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Gardening + Seasons

Tea Garden: the Chamomile Episode


(Or why you should grow your own tea)

A few years ago I got to spend some time in Denmark, one of my favorite places on the planet. I had lived there as an exchange student the year after high-school, and the people, culture and food will always hold a deep place in my heart. Oh, the food. There are so many simple Danish staples, just regular daily groceries, that hold such nostalgia for me, so whenever I’m there I try to stock up and bring home as much as I can. I’ll stuff every open nook and cranny of my suitcase with kammerjunker, salt lakris, lingonberry jam, palaegschokolade, and … tea. Danish chamomile tea tastes really different from what I’ve been able to find in the US – it is stronger and more fragrant, with a strong honey scent. I bought two boxes, and I was hoarding them, only allowing myself a cup on very special occasions.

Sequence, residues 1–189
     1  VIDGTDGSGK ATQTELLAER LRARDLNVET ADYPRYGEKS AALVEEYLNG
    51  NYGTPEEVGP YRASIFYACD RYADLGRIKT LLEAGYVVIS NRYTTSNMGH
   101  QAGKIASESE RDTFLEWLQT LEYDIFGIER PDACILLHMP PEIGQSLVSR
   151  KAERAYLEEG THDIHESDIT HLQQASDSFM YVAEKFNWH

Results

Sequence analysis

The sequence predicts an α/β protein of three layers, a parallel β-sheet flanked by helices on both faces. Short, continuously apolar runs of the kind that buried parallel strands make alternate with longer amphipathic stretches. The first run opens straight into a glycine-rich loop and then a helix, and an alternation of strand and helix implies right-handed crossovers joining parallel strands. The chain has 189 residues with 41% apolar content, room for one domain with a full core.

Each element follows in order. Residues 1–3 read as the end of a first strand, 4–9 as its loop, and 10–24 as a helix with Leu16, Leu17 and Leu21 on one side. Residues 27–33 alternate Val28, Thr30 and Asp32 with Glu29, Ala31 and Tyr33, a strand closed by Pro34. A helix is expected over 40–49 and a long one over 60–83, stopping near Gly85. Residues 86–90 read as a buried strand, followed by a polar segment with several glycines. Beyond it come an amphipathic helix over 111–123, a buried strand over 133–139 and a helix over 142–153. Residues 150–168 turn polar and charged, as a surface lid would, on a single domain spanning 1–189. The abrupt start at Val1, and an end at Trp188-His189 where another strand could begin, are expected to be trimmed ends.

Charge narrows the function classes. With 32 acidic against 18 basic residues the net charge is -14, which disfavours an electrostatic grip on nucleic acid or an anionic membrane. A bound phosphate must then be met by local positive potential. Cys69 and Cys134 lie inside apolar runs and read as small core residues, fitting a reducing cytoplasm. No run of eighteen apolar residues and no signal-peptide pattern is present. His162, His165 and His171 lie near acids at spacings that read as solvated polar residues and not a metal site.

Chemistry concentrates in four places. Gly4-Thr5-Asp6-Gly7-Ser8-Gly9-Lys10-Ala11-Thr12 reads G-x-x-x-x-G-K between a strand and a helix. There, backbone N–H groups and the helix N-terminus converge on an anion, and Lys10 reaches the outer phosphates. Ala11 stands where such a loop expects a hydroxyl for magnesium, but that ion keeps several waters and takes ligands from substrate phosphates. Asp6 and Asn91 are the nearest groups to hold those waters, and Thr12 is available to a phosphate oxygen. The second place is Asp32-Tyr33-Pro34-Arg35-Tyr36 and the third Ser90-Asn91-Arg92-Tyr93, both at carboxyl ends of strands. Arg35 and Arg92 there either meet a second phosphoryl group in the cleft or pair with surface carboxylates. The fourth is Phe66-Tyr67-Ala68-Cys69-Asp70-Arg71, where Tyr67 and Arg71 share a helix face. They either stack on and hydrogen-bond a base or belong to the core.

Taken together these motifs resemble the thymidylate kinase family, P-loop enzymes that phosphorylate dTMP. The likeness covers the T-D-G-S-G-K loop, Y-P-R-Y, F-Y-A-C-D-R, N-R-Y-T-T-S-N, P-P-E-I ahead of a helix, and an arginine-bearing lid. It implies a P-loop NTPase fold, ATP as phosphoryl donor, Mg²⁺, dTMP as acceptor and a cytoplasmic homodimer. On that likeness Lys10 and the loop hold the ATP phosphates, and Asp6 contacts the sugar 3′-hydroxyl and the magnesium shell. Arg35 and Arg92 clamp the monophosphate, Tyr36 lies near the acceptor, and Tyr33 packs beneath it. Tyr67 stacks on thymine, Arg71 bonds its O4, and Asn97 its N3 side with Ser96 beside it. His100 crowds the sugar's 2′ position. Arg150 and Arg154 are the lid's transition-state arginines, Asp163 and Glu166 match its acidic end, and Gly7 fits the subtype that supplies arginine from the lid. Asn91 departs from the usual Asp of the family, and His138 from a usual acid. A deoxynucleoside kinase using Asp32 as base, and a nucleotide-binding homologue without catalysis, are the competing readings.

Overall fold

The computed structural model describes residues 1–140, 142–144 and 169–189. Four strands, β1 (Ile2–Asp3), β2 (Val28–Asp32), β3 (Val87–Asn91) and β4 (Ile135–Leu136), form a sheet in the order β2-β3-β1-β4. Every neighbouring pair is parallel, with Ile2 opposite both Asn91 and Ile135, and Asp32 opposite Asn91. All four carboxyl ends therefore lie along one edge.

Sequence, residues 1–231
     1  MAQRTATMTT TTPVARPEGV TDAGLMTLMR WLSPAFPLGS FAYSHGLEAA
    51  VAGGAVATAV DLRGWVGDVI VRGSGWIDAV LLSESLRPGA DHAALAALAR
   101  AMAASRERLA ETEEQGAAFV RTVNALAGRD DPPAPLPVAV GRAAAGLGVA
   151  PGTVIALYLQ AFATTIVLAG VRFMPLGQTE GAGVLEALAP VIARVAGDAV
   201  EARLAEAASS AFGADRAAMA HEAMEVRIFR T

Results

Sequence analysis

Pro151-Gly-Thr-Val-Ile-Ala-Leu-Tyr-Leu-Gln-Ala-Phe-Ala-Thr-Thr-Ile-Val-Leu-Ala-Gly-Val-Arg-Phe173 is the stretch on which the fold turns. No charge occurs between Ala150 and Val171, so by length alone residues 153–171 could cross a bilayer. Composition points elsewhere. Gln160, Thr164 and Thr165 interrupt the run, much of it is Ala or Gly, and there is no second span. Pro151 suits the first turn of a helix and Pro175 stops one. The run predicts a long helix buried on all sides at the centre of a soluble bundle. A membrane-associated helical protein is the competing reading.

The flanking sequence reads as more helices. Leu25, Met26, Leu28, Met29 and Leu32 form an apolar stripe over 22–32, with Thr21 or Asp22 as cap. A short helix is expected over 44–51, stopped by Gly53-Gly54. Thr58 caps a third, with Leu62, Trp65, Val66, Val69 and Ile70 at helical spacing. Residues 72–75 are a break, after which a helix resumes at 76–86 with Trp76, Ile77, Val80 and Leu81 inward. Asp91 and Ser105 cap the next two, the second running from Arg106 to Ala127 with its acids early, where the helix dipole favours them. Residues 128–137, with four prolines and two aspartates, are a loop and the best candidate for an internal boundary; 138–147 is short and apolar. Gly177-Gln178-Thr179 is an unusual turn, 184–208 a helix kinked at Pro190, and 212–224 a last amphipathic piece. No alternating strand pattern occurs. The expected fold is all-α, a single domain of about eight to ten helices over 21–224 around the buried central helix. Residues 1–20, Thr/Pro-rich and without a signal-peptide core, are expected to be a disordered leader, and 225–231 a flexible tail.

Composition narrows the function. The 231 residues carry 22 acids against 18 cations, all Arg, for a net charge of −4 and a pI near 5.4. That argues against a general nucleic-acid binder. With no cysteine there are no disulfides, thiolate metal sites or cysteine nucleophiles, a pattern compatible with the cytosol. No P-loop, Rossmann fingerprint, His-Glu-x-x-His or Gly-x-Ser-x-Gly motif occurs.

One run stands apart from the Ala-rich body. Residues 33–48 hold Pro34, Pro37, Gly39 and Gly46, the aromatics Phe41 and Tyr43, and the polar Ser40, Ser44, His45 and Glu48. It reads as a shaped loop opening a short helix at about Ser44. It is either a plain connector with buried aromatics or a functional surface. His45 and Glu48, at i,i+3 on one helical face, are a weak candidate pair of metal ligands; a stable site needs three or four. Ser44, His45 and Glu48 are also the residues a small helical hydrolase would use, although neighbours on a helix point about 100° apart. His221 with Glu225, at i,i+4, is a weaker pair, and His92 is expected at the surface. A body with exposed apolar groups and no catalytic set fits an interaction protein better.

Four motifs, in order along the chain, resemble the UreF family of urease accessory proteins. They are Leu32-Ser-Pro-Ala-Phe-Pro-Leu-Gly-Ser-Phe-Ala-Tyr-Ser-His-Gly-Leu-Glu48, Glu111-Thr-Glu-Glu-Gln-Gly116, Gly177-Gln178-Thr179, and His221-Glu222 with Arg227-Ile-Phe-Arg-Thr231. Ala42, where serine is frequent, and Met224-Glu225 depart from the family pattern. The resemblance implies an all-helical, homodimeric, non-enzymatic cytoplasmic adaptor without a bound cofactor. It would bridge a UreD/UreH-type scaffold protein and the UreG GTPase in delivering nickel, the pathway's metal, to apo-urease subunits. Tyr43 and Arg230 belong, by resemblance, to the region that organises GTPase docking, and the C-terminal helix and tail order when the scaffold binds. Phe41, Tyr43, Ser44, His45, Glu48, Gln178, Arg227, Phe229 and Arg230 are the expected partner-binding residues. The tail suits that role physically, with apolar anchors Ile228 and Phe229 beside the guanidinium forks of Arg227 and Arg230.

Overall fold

Then, last summer I came across a German Chamomile plant at my local nursery. When I was a kid I used to pick the weedy chamomile that would grow up through the sidewalk cracks, and I loved the smell of it, but had never considered growing it in my garden. But the plant was so pretty, and I knew that it had medicinal uses, so I thought I would give it a try. And now I’m in love with growing my own chamomile! It’s very easy to grow, easily reseeds (consider this when you think about where to plant it), and now I have a good, local source for a proper, danish-style chamomile tea.

The benefits of chamomile go well beyond a soothing cup at the end of the day, too – although it does contain an flavonoid called apigenin which is thought to help with sleep and prevent insomnia. It also has anti-inflammatory properties and can help with skin conditions and wound healing. Drinking the tea can help with digestive issues, can help promote bone density, and can help reduce menstrual cramps, and you can even use it as a hair rinse to improve the health of your scalp and supposedly bring out highlights (though I did this once in high school and can’t say it actually worked). Plus, the plant is beautiful and the tea tastes amazing. Find a spot for one!



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